Lamar High School's Student-Run News Publication


Lamar High School's Student-Run News Publication


Lamar High School's Student-Run News Publication


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Introducing the Iron Woman

Head Swim Coach Laura Neville competes at the Ironman World Championship
Photo By: Ironman World Championship Photographers
Laura Neville competes in the tiresome Ironman World Championship in Kailua-Kona, Hawaii.

Head Swim Coach Laura Neville, Lamar’s newest addition, is without a doubt bringing some achievements after she competed in the Kona Ironman World Championship on Oct. 14 in Kailua-Kona, Hawaii. 

The competition is a 140.6 mile (226.3 km) race, which consisted of a 2.4 mile (3.9 km) ocean swim, a 112 mile (180.2 km) bike ride with an approximate 5,800 ft. of elevation and lastly a 26.2 mile (42.2 km) run. 

“I would say I was pretty emotional and pretty excited about going,” Neville said. “I was excited and disarmed because I had been dealing with gastric ulcers so it was challenging. However, they are very addicting as there’s a lot of people that compete in these competitions, around 45,000 and only 2,000 make it to the World Championship.”

This triathlon is certainly not for the weak because it takes a year or two of training to be able to bear it. However, similar to any competition, training varies for each individual.

“If you’re going from couch to training, you need about a year to two years and if you’re already in shape, it’s about four to six months,” Neville said. “On Saturdays, it was a lot of five to six hour bike rides and Sundays were two to three hour runs. During the week it’s swimming, biking and running.”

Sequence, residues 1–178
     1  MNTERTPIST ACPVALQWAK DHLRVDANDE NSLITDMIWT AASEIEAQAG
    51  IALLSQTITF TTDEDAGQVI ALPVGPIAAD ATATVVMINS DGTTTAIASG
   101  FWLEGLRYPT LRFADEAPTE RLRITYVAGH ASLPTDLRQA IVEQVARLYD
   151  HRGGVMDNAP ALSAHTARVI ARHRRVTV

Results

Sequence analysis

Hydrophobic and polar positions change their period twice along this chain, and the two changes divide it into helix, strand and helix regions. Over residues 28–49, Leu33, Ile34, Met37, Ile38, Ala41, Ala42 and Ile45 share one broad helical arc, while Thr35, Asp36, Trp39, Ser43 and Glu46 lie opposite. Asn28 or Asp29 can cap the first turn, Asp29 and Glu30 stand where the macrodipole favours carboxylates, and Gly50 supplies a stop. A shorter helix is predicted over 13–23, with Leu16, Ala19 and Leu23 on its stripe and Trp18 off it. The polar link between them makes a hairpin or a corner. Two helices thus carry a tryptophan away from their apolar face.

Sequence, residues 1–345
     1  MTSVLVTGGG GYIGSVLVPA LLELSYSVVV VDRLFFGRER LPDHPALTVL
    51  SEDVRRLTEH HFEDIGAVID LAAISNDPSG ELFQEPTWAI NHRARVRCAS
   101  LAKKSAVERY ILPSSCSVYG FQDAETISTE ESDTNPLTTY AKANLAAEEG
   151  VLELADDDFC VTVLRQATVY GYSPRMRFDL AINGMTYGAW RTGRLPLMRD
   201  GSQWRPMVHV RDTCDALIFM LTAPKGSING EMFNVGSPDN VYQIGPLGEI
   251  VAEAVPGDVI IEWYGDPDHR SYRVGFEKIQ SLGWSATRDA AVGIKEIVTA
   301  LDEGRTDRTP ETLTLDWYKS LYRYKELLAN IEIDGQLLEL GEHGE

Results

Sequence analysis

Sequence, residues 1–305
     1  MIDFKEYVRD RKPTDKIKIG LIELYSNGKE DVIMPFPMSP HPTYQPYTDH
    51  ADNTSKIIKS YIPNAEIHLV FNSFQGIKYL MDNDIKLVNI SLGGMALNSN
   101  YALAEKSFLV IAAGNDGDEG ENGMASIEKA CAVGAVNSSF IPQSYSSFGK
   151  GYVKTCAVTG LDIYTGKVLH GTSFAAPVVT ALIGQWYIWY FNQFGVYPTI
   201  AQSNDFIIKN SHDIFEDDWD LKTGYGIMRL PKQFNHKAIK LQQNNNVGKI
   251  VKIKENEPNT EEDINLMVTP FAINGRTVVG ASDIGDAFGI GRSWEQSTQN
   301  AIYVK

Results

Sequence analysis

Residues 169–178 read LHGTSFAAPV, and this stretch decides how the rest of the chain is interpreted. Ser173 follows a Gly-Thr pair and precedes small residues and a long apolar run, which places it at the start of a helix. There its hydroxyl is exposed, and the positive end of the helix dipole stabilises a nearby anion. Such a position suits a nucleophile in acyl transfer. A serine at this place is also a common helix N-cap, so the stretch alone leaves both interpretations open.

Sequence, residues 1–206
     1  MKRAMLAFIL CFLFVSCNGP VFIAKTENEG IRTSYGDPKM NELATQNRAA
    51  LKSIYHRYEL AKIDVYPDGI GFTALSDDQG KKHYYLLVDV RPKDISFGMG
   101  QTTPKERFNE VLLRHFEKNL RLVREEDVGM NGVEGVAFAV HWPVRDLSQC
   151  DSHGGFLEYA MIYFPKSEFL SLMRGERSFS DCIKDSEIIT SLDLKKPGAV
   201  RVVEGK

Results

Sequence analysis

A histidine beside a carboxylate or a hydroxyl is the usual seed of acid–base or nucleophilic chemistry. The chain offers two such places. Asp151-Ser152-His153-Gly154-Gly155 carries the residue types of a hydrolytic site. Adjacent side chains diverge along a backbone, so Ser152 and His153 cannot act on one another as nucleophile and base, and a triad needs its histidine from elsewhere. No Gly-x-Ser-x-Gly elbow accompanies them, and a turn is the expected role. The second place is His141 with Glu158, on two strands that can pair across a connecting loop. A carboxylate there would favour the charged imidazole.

Although physical strength is what an Ironman requires, mental strength also plays a role in not only training but the actual competition. 

“That’s something I’ve been working on quite a bit lately and trying to master,” Neville said. “Growing up in high school and college swimming, I would always get nervous before races and it started again when I started doing triathlons but I’ve managed it over the last two years now and I would just tell myself that I’m going to remaster my nerves and I’ve been able to do that.”

Introduced to triathlons in college by a teammate, Neville instantly fell in love with triathlons and hoped to one day compete in an Ironman.

“I picked it up and did a few after college, however I stopped because life got in the way and I had a child,” Neville said. “My sister told me one day that she had registered me for a relay race and I was going to swim. I had not swam in 13 years and she gave me two months notice so I started training and got hooked on it again. In college, I told myself I wanted to do an Ironman one day. However, at the time I thought to compete in it you had to train five years, which was the belief in the 90s.”

Neville is overjoyed to have completed an Ironman as it is not an easy accomplishment. It requires both effort and money to be able to even bear the physical and mental strain that this competition puts these athletes through.

“It had been a lifelong dream of mine to compete,” Neville said. “After I crossed the finish line, the emotions became overwhelming and I started to cry. It was just an immense amount of joy and happiness.”

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About the Contributor
Aleisha Paulick, Writer
Senior Aleisha Paulick is in her third and last year as a Staff Writer for Lamar Life. Aleisha has always had an interest in Journalism so she joined to gain experience, however prior to that she always had a passion for writing, it was a way for her to express herself. Joining Lamar Life allowed her to write about topics that she was curious about, not only that about it allowed her to explore these topics and find out the why of the world. Outside of writing, Aleisha is a huge water baby and loves to be outdoors. Her favorite movie is How to train Your Dragon and is obsessed with the artist DPR Ian.

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